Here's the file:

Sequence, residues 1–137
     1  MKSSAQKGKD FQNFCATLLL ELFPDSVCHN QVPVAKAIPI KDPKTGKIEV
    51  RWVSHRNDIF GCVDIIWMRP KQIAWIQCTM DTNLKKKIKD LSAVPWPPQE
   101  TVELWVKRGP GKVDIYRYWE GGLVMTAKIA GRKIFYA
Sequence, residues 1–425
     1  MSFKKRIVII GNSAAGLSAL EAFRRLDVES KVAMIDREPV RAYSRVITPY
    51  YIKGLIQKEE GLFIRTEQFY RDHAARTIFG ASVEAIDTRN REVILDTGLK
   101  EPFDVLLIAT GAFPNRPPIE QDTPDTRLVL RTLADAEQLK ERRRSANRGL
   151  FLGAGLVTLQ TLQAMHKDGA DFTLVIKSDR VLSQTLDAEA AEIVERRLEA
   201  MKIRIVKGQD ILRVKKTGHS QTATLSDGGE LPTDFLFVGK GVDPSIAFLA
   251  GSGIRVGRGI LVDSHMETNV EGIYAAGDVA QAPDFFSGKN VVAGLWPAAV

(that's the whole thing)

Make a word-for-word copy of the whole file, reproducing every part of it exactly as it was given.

Sequence, residues 1–137
     1  MKSSAQKGKD FQNFCATLLL ELFPDSVCHN QVPVAKAIPI KDPKTGKIEV
    51  RWVSHRNDIF GCVDIIWMRP KQIAWIQCTM DTNLKKKIKD LSAVPWPPQE
   101  TVELWVKRGP GKVDIYRYWE GGLVMTAKIA GRKIFYA
Sequence, residues 1–425
     1  MSFKKRIVII GNSAAGLSAL EAFRRLDVES KVAMIDREPV RAYSRVITPY
    51  YIKGLIQKEE GLFIRTEQFY RDHAARTIFG ASVEAIDTRN REVILDTGLK
   101  EPFDVLLIAT GAFPNRPPIE QDTPDTRLVL RTLADAEQLK ERRRSANRGL
   151  FLGAGLVTLQ TLQAMHKDGA DFTLVIKSDR VLSQTLDAEA AEIVERRLEA
   201  MKIRIVKGQD ILRVKKTGHS QTATLSDGGE LPTDFLFVGK GVDPSIAFLA
   251  GSGIRVGRGI LVDSHMETNV EGIYAAGDVA QAPDFFSGKN VVAGLWPAAV